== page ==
No-One Actually Wants Usage To Decide

Even if they think they do.

OK, probably not “no-one”, but in practice, and in decision making situations where it counts, I’ve yet to see a non-trivial portion of the community show any signs of actually wanting to let usage decide.

The behaviour of newbies is telling in this regard: they spend basically all their time asking how to say things, and then asking for documentation pointers to back up whatever the oldbies say (and why not? with a language so well specified, it must be out there somewhere, right?). During the whole xorlo process, to this day, almost no newbies ask about the relative merits of the two systems, nor do they want to make their own decision on which to support. They want to be told how the language works, and anything else leads to annoyance, upset, or derision. I don’t like to think about how many newbies we might have lost that way.

If we let usage decide, if no-one can ever legitimately tell another Lojbanist that they’re doing it wrong, we will end up with some very confused newbies; expecting guidance, but either not getting it (because their usage is as legitimate as anyone else’s) or getting contradictory advice from different people.

The formation of the BPFK itself is another example: when the community realized that the baseline was invalid, and that the language needed some polishing, what happened? Did people simply start changing the way they used the language? Did they let usage decide? No. Overwhelmingly the community voted/agreed to form a body (the BPFK) from which to officiate the language. I only recall one or two people even seriously suggesting letting usage decide.

When we developed xorlo, we suggested that people use it if they wanted, as it would probably be official when the BPFK was done. This caused huge communication difficulties on IRC, because every conversation had to start with “are you using xorlo?”, even though it almost never matters. People didn’t want to just talk and see how it went, as letting usage decide would require; they wanted a statement of position from everyone else in the conversation. As if that wasn’t clear enough of a desire for an authoritative language description, the community’s eventual response to this problem as the BPFK dragged on was to essentially beg the LLG to declare xorlo part of the language early.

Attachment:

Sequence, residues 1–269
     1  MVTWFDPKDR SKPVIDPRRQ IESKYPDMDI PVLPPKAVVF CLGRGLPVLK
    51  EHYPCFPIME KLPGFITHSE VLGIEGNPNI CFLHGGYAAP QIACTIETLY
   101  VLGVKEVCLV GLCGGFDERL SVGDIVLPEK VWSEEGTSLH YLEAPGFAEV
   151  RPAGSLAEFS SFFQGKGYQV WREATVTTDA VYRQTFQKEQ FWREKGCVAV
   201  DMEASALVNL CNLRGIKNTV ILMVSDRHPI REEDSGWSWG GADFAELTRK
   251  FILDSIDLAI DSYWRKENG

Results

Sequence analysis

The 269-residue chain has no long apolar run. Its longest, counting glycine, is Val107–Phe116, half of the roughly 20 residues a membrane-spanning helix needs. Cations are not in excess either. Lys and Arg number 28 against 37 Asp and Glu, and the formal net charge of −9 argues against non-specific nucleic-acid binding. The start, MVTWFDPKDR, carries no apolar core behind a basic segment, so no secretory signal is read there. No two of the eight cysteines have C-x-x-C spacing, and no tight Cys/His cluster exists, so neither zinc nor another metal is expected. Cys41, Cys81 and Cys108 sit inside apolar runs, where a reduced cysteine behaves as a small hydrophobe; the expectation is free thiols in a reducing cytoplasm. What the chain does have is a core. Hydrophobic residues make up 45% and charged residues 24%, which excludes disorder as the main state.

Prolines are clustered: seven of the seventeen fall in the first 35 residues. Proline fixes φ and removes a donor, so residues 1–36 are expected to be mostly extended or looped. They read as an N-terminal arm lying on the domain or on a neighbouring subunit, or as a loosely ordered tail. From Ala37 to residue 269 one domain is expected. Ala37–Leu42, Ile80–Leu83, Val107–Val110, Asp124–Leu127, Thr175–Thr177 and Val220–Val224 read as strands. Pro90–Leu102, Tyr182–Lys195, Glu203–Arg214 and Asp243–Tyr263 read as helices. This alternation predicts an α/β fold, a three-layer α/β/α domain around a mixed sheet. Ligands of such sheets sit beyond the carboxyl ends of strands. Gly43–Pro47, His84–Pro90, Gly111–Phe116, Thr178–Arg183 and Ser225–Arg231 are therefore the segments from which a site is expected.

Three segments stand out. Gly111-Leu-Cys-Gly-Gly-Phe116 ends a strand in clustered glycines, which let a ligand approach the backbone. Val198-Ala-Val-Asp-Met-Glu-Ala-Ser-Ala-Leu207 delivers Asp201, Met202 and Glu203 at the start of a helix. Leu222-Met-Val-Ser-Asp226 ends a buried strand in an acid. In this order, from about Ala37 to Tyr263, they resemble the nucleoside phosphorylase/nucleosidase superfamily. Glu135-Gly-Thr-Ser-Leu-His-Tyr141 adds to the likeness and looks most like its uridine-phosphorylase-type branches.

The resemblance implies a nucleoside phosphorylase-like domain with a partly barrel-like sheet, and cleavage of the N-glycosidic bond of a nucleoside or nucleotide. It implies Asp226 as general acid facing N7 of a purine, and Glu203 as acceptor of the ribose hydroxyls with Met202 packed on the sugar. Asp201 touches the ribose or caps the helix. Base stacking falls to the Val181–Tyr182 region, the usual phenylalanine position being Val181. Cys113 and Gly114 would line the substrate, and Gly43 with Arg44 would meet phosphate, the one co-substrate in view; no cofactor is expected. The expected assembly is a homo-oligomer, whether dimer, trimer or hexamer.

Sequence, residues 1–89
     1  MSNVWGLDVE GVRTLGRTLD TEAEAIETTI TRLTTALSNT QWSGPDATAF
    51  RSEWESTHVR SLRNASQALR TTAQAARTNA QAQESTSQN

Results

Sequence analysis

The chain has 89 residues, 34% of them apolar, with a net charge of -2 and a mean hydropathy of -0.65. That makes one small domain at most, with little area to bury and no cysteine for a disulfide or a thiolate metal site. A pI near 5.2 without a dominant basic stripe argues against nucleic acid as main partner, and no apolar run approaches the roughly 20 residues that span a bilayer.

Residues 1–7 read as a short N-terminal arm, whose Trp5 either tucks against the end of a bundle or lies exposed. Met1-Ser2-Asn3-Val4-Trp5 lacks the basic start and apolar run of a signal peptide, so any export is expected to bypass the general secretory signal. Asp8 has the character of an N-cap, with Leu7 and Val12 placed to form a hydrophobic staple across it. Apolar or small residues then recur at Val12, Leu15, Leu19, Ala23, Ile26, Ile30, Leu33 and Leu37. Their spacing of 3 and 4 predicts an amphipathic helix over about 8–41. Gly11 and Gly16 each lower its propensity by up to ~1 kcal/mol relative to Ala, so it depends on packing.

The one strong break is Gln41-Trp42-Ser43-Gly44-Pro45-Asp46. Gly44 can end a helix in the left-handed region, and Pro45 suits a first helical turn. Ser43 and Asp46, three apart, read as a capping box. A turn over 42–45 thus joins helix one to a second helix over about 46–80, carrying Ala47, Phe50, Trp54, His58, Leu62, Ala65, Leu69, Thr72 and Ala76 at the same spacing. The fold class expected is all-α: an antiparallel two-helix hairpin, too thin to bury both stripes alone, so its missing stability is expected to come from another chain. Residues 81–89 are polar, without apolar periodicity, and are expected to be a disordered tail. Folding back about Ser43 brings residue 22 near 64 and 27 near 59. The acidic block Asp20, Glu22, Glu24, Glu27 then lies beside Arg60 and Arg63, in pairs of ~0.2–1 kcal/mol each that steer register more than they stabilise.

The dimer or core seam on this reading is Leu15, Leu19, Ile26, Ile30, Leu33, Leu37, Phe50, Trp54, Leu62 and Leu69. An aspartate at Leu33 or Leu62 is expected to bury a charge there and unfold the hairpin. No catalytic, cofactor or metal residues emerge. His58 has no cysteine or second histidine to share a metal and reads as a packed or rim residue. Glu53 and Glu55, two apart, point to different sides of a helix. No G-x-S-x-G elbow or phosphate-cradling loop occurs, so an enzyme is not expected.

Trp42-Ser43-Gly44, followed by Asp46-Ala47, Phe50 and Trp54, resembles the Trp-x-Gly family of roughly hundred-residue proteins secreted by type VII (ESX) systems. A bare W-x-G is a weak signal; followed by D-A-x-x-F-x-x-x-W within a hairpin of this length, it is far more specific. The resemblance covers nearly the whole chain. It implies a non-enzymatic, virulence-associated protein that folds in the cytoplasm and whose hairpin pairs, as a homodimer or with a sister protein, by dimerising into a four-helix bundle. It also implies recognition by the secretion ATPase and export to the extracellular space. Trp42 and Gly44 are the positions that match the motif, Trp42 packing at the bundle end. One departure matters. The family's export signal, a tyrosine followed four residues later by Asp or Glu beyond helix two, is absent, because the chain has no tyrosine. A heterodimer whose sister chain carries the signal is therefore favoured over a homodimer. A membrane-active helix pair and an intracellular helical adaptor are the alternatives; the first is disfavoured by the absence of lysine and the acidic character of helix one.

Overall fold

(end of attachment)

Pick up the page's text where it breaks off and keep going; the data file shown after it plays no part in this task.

The community very clearly wants Lojban to be defined centrally and decisively.

People Who Say They Want Usage To Decide Don’t Act That Way

As I mentioned earlier, the idea of usage deciding doesn’t really come up outside of formal discissions of the nature of Lojban. Which is kind of the opposite of how respecting usage should work: if people really wanted usage to decide, you’d expect “Oh, look at that new and interesting usage!” to be common, rather than people getting attacked for not conforming to the CLL, which is what actually happens.

To be fair, this is consistent with a stance of pure conservativism. I disagree that such a stance serves the community, and I suppose we’ll find out if I’m right based on the community’s reaction to this essay.